Forensic data company Nuix debuted on the ASX on the 4th of December, with an IPO price of $5.31. Macquarie, the largest shareholder, used the IPO as an opportunity to sell-down its 66 percent stake to 30 percent; a windfall for Macquarie of over $600 million.
Nuix jumped out of the gate, with the share price jumping to a high of $11.85 in January. Many were wondering why Macquarie had partially cashed out of this seemingly great company, leaving potentially hundreds of millions of dollars on the table.
Then the problems started.
In January, worries over a supposed jump in inflation led to some selling in technology stocks, knocking Nuix from its then lofty perch.
Then in February, Nuix released its first half results. The company reported first half revenues of $85.3 million, down 3.9 percent, while profits dropped 214.4 percent to a loss of $16.5 million.
The share price tanked.
Nuix was quick to point out that these results were in-line with what was guided in the prospectus, though this turned out to be a rather subjective interpretation of previous guidance.
Nuix would suffer further downgrades, including in April, when they admitted they were unlikely to achieve most of the full-year results guidance provided in the prospectus, and again this week, where they lowered the new forecasts further.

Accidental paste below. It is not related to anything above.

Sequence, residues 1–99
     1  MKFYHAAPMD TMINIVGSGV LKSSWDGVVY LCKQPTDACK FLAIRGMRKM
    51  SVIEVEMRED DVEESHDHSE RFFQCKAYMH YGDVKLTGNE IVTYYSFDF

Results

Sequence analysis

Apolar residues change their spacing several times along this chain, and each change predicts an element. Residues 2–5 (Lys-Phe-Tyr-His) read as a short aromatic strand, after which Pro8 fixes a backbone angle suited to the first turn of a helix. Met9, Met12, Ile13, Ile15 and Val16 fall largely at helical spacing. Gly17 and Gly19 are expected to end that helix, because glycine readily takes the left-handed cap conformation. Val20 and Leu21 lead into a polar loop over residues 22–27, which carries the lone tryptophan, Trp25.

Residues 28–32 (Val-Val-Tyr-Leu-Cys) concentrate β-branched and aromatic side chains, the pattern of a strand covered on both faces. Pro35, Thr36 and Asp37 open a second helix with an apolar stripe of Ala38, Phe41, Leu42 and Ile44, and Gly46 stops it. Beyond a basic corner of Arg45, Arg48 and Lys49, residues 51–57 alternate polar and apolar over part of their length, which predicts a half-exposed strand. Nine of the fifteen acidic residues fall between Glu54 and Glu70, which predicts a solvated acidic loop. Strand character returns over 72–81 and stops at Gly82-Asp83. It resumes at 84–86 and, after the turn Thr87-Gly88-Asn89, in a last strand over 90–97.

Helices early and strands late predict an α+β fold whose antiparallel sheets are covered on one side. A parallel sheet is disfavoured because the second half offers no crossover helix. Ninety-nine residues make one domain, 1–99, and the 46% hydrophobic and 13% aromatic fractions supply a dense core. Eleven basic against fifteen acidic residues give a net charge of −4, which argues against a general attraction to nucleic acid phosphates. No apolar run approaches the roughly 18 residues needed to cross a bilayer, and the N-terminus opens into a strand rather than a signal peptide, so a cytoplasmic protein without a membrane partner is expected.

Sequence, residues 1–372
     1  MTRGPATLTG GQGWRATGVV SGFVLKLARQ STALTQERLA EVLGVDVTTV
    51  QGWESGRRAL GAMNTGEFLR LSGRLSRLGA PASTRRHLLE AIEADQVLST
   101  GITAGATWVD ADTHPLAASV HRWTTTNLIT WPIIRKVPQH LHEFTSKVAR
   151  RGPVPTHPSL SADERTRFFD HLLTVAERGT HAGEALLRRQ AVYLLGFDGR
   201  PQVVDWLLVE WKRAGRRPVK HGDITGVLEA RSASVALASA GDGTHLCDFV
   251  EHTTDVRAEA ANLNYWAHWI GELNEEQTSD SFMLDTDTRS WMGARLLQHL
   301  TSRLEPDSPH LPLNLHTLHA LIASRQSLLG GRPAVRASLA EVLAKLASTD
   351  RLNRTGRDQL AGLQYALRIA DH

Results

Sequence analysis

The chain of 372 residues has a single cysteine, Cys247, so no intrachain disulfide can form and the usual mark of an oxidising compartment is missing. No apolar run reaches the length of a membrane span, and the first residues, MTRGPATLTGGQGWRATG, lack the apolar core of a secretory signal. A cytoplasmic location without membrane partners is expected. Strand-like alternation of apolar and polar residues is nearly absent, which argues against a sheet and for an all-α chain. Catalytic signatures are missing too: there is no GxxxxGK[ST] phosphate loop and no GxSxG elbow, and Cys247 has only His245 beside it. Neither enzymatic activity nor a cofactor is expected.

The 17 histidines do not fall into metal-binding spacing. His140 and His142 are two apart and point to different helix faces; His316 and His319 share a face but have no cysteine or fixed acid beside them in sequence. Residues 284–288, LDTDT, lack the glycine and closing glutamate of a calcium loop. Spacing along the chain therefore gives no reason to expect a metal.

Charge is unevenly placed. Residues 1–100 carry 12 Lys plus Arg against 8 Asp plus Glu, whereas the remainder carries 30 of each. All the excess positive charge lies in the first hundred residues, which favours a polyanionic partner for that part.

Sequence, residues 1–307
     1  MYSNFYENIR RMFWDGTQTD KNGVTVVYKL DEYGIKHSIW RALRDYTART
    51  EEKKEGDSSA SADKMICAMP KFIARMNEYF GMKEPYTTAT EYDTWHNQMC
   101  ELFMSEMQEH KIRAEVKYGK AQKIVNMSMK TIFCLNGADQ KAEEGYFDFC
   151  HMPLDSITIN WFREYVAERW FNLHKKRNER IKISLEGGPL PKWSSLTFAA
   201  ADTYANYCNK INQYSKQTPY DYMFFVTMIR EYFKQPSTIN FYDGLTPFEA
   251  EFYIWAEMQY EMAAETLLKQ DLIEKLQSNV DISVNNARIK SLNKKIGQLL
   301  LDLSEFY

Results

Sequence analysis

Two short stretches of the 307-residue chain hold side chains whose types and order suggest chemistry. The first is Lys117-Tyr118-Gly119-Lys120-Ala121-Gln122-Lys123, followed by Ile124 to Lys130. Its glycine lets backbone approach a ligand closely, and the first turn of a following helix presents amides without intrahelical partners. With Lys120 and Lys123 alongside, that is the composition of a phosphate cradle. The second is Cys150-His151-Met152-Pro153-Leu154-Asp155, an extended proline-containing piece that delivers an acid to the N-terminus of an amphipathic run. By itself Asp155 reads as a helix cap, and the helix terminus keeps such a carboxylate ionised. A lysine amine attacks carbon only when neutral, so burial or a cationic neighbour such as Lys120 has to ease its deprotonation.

The company is now preparing for negative revenue growth this financial year, while the business had been marketed as a high-growth tech play. Nuix leaders have asserted that some of the issues are due to the inclusion of the US election this financial year, the COVID-19 outbreak, and a shift from a membership model to more of a consumption model; it remains to be seen whether these impacts are confined to this year, or whether some of them will be ongoing.
In addition to the relatively poor operating performance, there is another elephant in the room. Former CEO Eddie Sheehy is claiming that the company stitched him out of more than 22 million options when it did a pre-IPO stock split (where everyone else’s stock and options got multiplied by 50). Mr Sheehy is also claiming that he should have had the opportunity to close his positions at the all-time high of $11.85 and that Nuix therefore owes him more than $250 million.
Mr Sheehy has taken his complaints to the Federal Court and should the court find in his favour, it will likely be a big additional cost that Nuix, and by extension its investors, will have to weather.
The issues experienced by Nuix once again call into question the public offerings of large privately held companies in Australia. Was the IPO just an exit strategy for Macquarie?
Whether or not Macquarie viewed the IPO as a way to take their winnings off the table, or whether they legitimately believed that this was the important next step in the company’s life, one thing is likely; Macquarie will face a tougher time convincing investors to support its next IPO.